Additionally, open calls can be structured so that everyone who “applies” can be included in some way (possibly online) and then individuals (or collaborations) can be curated from that set for specific other functions. Years ago I co-created, with Miranda July and Yuri Ono, an online web based participatory project called Learning To Love You More which offered assignments that Miranda and I came up with and the opportunity for anyone to add their results which we called reports. Everyone who followed the instructions and submitted was included on the website, but then from that set (which eventually reached about 8000 participants) we selected certain people who got small grants and or were included in exhibitions that happened at museums and art centers around the world. Of course it was better to get funds or have your work shown in an institution, but those things were not the main point of LTLYM and so for the people who didn’t receive those extras it was unlikely that they felt like they were losers or had put in work that didn’t have a purpose in relationship to the broader project.
In regards to the problem of many open calls not actually being inclusive there are a couple of things that can be done to improve that condition. One approach, which also helps with the workload and loser dynamics, is to use a nomination system, which additionally attempts to spread out the potential for finding people that might normally be left out. I was once asked to be a nominator for a large financial award and exhibition at a museum in NYC. The administrators created a thoughtful selection system–they asked ten artists in different parts of the country (many of which were not art hubs) to each nominate five artists from their region who they thought would benefit from the award. From that set of fifty artists a selection committee picked five artists to receive the award. It still left forty-five people feeling like they had not been given awards (which was bad, but if the award had not been nomination based and were based on an open call instead there could have been hundreds or thousands of people in that position). The artists who were not selected were still all listed (in the catalog, online, and at the exhibition) which was a partial benefit because it was treated as an honor and not as a loss. But the more important feature was that it allowed for a much more diverse set of artists to be placed under consideration. One of the people who I nominated was untrained and had previously had very little experience with the art world, but was still given an award based on the strength of his work.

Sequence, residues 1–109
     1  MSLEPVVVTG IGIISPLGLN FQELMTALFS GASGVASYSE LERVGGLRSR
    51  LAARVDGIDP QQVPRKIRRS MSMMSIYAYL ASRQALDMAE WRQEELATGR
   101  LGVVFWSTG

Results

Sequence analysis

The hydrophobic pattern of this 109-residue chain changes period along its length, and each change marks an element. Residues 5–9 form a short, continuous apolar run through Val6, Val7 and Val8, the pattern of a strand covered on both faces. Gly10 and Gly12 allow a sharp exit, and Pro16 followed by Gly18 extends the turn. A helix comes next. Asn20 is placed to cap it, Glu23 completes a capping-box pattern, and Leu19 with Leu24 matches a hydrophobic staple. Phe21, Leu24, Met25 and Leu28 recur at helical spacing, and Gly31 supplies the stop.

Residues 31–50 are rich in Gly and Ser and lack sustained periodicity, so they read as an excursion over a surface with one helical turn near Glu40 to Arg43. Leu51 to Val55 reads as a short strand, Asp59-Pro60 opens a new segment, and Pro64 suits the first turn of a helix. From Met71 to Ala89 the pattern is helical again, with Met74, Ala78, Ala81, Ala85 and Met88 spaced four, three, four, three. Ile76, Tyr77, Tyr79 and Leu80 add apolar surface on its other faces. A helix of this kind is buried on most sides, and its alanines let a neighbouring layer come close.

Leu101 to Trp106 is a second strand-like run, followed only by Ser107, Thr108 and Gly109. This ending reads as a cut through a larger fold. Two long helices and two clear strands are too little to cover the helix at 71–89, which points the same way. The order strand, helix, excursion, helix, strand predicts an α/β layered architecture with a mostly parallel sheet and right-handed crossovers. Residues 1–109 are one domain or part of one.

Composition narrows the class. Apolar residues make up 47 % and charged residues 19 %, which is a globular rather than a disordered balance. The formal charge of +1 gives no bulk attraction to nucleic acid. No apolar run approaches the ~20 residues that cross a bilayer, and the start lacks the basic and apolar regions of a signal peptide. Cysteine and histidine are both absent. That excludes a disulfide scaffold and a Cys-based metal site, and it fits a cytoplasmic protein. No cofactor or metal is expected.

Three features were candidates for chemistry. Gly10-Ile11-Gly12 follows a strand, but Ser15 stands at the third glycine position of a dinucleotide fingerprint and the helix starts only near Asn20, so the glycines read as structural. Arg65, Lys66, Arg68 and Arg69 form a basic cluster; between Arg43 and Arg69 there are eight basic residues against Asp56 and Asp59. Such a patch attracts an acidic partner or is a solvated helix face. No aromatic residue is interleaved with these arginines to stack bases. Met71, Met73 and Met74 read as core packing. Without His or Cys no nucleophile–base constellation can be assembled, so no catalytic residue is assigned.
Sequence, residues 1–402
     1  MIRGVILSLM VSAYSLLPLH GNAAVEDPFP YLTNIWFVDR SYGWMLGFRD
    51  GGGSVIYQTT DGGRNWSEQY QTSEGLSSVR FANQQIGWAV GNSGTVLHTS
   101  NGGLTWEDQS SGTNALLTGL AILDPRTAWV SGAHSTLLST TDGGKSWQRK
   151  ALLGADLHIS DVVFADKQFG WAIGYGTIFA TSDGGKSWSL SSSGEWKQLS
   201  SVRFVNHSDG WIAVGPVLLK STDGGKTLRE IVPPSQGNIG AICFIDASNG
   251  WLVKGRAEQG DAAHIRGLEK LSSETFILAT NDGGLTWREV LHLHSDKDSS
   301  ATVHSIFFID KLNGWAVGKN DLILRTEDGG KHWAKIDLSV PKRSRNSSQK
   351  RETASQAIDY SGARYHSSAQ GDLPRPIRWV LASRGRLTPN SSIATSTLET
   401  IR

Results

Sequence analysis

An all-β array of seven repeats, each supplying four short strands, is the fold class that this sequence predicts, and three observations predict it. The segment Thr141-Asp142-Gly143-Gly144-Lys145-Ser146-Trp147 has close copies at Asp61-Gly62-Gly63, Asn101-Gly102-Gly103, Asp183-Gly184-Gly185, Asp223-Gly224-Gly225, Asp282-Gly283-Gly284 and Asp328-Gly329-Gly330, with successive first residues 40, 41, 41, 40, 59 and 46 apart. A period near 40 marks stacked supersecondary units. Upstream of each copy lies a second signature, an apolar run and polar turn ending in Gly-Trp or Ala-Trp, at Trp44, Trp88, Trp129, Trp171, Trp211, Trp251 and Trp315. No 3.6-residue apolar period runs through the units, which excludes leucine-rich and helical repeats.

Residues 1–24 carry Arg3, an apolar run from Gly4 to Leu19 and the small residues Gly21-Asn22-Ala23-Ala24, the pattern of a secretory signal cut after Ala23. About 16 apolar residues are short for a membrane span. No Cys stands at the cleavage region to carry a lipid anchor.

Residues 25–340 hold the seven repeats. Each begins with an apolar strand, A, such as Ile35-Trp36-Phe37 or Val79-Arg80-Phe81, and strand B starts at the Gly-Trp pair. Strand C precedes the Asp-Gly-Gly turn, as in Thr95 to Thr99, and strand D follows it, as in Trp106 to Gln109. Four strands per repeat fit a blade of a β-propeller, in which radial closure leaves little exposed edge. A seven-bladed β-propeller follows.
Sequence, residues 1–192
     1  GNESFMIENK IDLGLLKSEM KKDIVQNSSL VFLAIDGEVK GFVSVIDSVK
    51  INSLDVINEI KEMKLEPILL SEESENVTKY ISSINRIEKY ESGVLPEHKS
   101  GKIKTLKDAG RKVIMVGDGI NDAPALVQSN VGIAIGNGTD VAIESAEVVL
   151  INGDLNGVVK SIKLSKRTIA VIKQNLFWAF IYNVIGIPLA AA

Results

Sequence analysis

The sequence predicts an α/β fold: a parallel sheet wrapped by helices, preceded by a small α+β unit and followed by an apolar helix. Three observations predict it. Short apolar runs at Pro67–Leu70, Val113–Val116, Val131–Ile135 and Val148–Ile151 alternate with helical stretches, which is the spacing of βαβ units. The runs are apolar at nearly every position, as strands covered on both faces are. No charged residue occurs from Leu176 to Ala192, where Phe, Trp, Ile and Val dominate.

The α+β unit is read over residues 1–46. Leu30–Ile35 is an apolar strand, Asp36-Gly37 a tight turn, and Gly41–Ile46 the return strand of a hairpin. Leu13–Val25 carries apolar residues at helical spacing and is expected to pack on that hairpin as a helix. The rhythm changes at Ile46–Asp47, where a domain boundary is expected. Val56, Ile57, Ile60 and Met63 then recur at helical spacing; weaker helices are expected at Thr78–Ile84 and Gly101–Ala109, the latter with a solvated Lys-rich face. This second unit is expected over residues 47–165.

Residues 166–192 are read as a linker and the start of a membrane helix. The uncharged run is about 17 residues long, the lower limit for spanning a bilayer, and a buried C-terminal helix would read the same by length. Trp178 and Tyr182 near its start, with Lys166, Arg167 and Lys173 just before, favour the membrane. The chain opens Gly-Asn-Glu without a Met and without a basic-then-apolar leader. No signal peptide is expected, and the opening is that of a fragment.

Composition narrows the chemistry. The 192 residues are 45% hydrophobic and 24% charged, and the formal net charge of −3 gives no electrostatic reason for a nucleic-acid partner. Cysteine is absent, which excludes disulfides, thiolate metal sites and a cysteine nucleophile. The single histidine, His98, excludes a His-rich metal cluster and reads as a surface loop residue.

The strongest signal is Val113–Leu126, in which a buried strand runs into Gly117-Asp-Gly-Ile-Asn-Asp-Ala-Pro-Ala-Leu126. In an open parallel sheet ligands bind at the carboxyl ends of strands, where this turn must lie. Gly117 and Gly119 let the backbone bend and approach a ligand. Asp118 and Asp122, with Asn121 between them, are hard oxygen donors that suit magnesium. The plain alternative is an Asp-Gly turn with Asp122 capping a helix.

In general I think it is important for people in positions of power in relationship to the arts community to be thoughtful about what they may be structurally asking artists to do and how that might be impacting them systemically. Status quo approaches are not always the best ones, but they get replicated again and again even when they might be causing more harm than good. Being creative about the structure of a selection process is just as important as being creative when making artworks (it could even be thought of as an artwork under certain conditions).
One other slightly connected side note (that probably should be in a separate writing, but I likely won’t get around to it, so am just going to stick it in here) related to open calls is the way that they often exclude collaboration. Many awards etc are set up specifically to only consider individual artists and that structurally discourages collaboration through offering fewer resources to artists who collaborate, by institutionally devaluing co-authored work, and through causing friction in interpersonal dynamics when one collaborating artist gets an award and another doesn’t while using work that was produced together. I have personally addressed the collaboration exclusion situation with administrators in the case of at least three major grants and awards locally and nationally. Though I was met with resistance in each case, over time two of the organizations have made changes to their policies that are more open to collaboration, my hope is that eventually that will no longer be an issue going forward and that collaboration will be given the support and respect that it deserves.